The first record of organised taxation comes from Egypt around 3000 B.C. This is syndicated in several historical sources, including the bible, when it is used as a tool to burden the children of Israel for an empire which they had no share in (Exodus 1:11).
In a sharp contrast to these events in the Old Testament, Jesus Christ as a King with understanding of Empire building, had to go at lengths to perform a miracle out of the mouth of a catfish to settle his taxes due to the state, which he saw himself and disciples as part of (Matthew 17:24-27).
With these historical accounts in mind, taxes devised as a national aspiration towards development for a collective good is a necessary and obligatory demand of each citizen because even the Christ did not exempt himself from his taxes.
The idea of sacrificing one’s blood, sweat and toil without direct benefit is what often resonates with a burdened regime as was the case in Egypt. If my tax is my sacrifice, then the rewards of my sacrifice into empire building must directly reflect in my well-being and survivability in the state. Anything short of this will result in cries and tears that may just reach the heavens.
As a country, the polarized debate on E-Levy, according to this writer, can be avoided if critical steps are taken to inform the taxpayer on the need to generate revenue this way as a collective aspiration of Ghana. What will soften the expected sacrifices of the Ghanaian, I believe, is to explain in vivid terms what the intended benefits are.
Plainly laid out communication in simple terms holds key to addressing the disgruntled agitations of many because as a revenue generation strategy, taxes are as old as Egypt. Sooner than later, Parliament will sit to argue out the details of the E-Levy.
With our kind of democracy, a majority vote will mean an adoption or otherwise of this tool available to us. Either way an introduction of any kind of tax regime must begin with a lot of education and an opportunity for all stakeholders to engage to question the aspiratory necessities of the authority at play.
This, I must say, the Government must be commended greatly for its efforts in town hall forums and media engagements to sensitise the public. If this education is lacking in scope, then more resources must be engaged in this direction. After all, Peter’s apprehension as recounted earlier in the Biblical story was sharply diffused by information from Christ as to the necessity of paying tax thereby the miracle of money in the mouth of a fish to pay their taxes.
Accounting for our taxes
Give unto Ghana what is agreed to belong to Ghana. If Ghana is to go beyond aid, then Ghana cannot be influenced by taxes paid for by citizens of another country in our cyclical borrowing transactions.
What is required of us as a country is to establish clearly, by majority agreement, what our taxes are directed into because taxation has always been synonymous with development and a hallmark of civilization. The E-Levy, therefore, must be an integral component of our social contract between Government and how the Ghanaian economy is run.
How the money raised is utilised can be the basis of legitimisation for this government. And thus, it offers a very good opportunity for the Ghanaian to hold this government accountable at the end of its tenure. This is because, unlike all the existing forms of taxes, this one in particular will have a broader compliance system due to the ease of technology and reach home to many more Ghanaians.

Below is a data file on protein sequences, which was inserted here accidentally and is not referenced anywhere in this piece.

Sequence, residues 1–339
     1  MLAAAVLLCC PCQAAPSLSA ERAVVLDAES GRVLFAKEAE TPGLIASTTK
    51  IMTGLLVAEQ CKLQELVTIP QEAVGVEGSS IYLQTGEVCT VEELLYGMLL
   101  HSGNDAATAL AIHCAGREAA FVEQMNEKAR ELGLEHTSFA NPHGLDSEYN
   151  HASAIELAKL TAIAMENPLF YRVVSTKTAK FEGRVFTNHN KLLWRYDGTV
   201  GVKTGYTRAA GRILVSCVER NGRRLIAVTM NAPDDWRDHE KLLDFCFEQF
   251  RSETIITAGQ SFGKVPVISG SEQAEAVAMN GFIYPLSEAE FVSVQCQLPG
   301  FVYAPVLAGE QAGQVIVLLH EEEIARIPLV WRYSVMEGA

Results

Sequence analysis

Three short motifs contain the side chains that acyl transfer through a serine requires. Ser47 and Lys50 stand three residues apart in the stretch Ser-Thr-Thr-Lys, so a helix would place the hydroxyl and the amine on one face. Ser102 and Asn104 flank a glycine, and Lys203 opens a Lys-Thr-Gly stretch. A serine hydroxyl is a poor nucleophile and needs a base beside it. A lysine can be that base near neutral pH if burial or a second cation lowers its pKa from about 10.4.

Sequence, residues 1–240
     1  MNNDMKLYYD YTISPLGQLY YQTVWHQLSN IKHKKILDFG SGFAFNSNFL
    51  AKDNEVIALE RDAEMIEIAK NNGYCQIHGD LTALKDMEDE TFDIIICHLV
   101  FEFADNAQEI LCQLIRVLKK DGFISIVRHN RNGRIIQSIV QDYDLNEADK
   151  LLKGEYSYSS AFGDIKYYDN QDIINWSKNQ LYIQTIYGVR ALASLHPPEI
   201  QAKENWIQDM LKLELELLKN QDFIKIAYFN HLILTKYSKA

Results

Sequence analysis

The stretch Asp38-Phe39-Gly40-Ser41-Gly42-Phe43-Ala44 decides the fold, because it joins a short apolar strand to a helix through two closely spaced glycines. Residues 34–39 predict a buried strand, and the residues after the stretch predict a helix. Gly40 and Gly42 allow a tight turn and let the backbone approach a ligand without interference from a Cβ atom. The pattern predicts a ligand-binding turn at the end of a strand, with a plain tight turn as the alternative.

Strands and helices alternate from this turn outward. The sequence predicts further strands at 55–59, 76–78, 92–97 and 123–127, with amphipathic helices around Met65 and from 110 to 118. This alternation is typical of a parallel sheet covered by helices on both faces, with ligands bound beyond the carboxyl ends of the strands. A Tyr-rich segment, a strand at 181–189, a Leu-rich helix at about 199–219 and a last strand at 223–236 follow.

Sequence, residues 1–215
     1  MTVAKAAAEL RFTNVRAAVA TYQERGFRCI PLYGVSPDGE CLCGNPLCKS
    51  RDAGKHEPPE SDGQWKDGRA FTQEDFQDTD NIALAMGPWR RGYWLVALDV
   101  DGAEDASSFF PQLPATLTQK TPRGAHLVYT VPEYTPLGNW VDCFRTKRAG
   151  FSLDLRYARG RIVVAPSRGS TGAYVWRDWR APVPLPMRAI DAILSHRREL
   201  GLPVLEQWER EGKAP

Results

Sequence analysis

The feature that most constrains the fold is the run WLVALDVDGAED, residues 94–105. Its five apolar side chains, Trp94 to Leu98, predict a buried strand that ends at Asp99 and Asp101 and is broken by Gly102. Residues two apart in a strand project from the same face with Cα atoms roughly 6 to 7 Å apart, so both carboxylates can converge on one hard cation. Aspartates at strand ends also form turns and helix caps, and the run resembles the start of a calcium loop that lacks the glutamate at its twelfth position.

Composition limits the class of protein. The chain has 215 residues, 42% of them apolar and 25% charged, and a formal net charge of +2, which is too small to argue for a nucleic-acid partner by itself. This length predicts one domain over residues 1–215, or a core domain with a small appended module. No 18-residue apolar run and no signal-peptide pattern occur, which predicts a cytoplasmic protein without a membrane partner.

A feature which has constantly been absent in most of the tax systems in the country. Therefore, the efficient administration of E-Levy has the propensity of expanding our tax base and resulting in more revenue generated. This is about the surest way to take Ghana truly beyond aid.
Why E-Levy payment has become a must?
Records from parliament points to Government’s total revenue target for 2022 standing at GHC80.3billion as against total expenditure of GHC145.4billion, which is an indication of a shortfall of about GHC65.1billion.
Government needs to device innovative ways to find these monies internally instead of embarking on the usual borrowing spree with its associated conditionality. Since past experiences reveal that, these conditionalities have negatively affected our collective resolve to make Ghana a safe haven for the entire citizenry.
In view of that, it has become imperative for government to bring every well-meaning Ghanaian aboard the resource mobilisation van to be able to carry out its targeted lives transforming projects and programs.
It is instructive to note that out of the GHC80.3billion revenue targets, GHC35.8billion will go to workers’ compensations, while GHC37.4 billion will also go into interest payments. Going by that, government will be left with only GHC7.1billion to carry out all its programs.
Not long ago, Government announced an expenditure cut of 20% which translates to about GHC29billion. In spite of this huge cut in government expenditures, it still remains mandatory for government to raise about GHC36.1billion extra to execute its planned programmes and activities.
Currently, figures from the Ghana Revenue Authority (GRA) show that, out of the over 14 million taxable populations, only 8% are within the tax payment bracket. Majority of the citizenry who find themselves in the artisan’s net do not pay taxes. So far, Government has succeeded in putting the country on the sound footing of digitization to ensure smooth contributions of all and sundry into the tax basket.
There is every indication that majority of the good people of Ghana have little or no idea about where we have gotten to as a country as regards our financial strength. The earlier the citizenry gets conscientised about the need for everyone to put a hand on deck to allow for our getting out of the woods in order to avoid a possible fall into a ditch, the better.